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What Would the Emperors Have Done Differently in 1914 if One of Their Advisors Had Carefully Followed the Österreichische Volkswirt?

  • Jürgen BackhausEmail author
Chapter
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Part of the The European Heritage in Economics and the Social Sciences book series (EHES)

Abstract

The “Emperors” we are now talking about are of course the German Emperor [that was his title, he was not Emperor of Germany, but his title was German Emperor], and the Emperor and King of Hungary. [That is why you have k + k, the first one stands for “kaiserlich”, and the second one for “königlich”.] The focus is on the Emperor of Austria and the King of Hungary. A point to be developed later, because it plays a role in Stolper’s argument.

Keywords

Central Bank Austrian Emperor Inaugural Lecture Academic High School German Bond 
These keywords were added by machine and not by the authors. This process is experimental and the keywords may be updated as the learning algorithm improves.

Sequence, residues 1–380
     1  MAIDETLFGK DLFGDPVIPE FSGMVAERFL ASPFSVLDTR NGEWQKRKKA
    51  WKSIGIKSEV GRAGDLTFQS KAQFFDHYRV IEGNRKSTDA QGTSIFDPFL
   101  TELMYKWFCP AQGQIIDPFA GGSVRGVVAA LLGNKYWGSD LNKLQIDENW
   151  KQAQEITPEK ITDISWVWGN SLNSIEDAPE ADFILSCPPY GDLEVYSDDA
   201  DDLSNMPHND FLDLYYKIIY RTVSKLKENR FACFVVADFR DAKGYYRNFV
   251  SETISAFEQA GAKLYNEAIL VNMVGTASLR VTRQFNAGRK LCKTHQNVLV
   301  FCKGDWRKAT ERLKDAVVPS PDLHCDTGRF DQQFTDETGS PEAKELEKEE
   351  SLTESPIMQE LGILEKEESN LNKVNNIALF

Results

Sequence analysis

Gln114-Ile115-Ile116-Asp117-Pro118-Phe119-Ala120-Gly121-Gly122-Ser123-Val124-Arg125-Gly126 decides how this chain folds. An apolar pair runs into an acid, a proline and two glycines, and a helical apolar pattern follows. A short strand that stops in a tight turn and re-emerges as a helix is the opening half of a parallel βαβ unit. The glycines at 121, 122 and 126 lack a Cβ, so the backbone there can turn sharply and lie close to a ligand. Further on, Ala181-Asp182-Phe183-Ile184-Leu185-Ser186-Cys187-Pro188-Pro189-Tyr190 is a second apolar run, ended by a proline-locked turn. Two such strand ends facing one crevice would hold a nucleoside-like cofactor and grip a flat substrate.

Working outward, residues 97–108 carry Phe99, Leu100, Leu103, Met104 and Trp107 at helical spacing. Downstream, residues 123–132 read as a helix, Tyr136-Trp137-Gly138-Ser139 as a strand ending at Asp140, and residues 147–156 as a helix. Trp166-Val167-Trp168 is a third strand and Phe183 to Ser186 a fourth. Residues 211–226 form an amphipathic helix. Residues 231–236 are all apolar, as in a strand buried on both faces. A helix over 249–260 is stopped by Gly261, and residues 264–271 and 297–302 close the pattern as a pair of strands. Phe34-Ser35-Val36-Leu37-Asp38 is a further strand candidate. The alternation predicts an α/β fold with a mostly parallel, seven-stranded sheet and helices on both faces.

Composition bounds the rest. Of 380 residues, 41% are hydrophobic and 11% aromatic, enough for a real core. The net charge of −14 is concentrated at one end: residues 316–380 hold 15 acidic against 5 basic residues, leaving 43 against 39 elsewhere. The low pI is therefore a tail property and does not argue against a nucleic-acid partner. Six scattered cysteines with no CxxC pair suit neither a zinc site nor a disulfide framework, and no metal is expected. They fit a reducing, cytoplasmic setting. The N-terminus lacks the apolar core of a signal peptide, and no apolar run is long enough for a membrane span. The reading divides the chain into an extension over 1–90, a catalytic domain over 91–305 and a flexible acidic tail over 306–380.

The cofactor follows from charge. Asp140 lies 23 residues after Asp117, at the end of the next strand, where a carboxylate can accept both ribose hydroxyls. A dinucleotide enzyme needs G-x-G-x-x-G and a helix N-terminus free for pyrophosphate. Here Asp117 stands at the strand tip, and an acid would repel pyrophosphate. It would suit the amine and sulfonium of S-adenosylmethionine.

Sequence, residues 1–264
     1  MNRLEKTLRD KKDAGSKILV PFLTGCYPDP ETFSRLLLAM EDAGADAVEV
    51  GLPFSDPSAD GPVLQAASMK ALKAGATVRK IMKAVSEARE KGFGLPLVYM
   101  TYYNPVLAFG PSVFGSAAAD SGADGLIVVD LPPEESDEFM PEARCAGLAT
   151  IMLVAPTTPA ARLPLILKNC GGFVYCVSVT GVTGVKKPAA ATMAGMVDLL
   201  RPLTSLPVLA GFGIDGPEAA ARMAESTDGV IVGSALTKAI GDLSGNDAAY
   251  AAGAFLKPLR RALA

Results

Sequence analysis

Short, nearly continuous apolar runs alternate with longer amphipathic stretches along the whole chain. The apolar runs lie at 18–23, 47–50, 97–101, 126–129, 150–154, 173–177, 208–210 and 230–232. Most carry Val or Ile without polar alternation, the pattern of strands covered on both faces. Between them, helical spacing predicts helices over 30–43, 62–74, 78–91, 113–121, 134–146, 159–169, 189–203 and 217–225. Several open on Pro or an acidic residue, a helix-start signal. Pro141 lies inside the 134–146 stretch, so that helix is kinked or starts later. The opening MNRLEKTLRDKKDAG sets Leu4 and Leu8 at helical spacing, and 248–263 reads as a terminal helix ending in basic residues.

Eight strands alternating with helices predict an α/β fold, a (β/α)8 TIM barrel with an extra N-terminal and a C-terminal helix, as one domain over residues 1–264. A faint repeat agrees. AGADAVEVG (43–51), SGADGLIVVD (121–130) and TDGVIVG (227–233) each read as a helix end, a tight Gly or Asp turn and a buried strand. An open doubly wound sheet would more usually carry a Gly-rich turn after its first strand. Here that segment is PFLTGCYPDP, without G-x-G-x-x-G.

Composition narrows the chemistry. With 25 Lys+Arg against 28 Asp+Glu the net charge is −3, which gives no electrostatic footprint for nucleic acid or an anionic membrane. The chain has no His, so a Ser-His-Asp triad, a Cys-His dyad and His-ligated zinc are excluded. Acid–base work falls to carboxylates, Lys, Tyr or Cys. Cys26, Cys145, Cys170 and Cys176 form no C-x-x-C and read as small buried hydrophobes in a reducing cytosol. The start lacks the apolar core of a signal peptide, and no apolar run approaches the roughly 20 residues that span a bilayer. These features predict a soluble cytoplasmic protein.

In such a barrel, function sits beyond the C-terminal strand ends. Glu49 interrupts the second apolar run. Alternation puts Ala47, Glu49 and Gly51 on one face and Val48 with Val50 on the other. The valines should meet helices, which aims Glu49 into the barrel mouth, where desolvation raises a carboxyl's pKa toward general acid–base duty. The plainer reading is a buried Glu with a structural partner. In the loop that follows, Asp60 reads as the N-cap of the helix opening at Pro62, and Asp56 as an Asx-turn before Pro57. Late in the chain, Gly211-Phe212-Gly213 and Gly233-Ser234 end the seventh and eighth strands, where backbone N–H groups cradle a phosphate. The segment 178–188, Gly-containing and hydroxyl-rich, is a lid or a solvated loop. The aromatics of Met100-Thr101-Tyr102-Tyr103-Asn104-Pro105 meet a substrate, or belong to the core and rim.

References

  1. Dahrendorf, Ralf, Homo Sociologicus. Ein Versuch zur Geschichte, Bedeutung und Kritik der Kategorie der sozialen Rolle, 16. Aufl., Wiesbaden: VS Verlag für Sozialwissenschaften 2006.Google Scholar
  2. Dahrendorf, Inaugural Lecture in KonstanzIs this the same?: Dahrendorf, Ralf, 2001: Über die Machbarkeit der guten Ordnung in: Allmendinger (Hrsg.), 2001, 1330–1337.Google Scholar
  3. Albert O. Hirschmann, 1977. The Passions and the Interests: Political Arguments for Capitalism Before Its Triumph. Princeton, NJ: Princeton University Press.Google Scholar
  4. Philippovich, Eugen Freiherr von. 1910. Die Entwicklung der wirtschaftspolitischen Ideen im 19. Jahrhundert. Tübingen: J. C. B. Mohr.Google Scholar
  5. Gustav Stolper, 1914. Article on the assassination in: Der Österreichische Volkswirt.Google Scholar

Copyright information

© Springer Science+Business Media, LLC 2011

Authors and Affiliations

  1. 1.Universität ErfurtErfurtGermany

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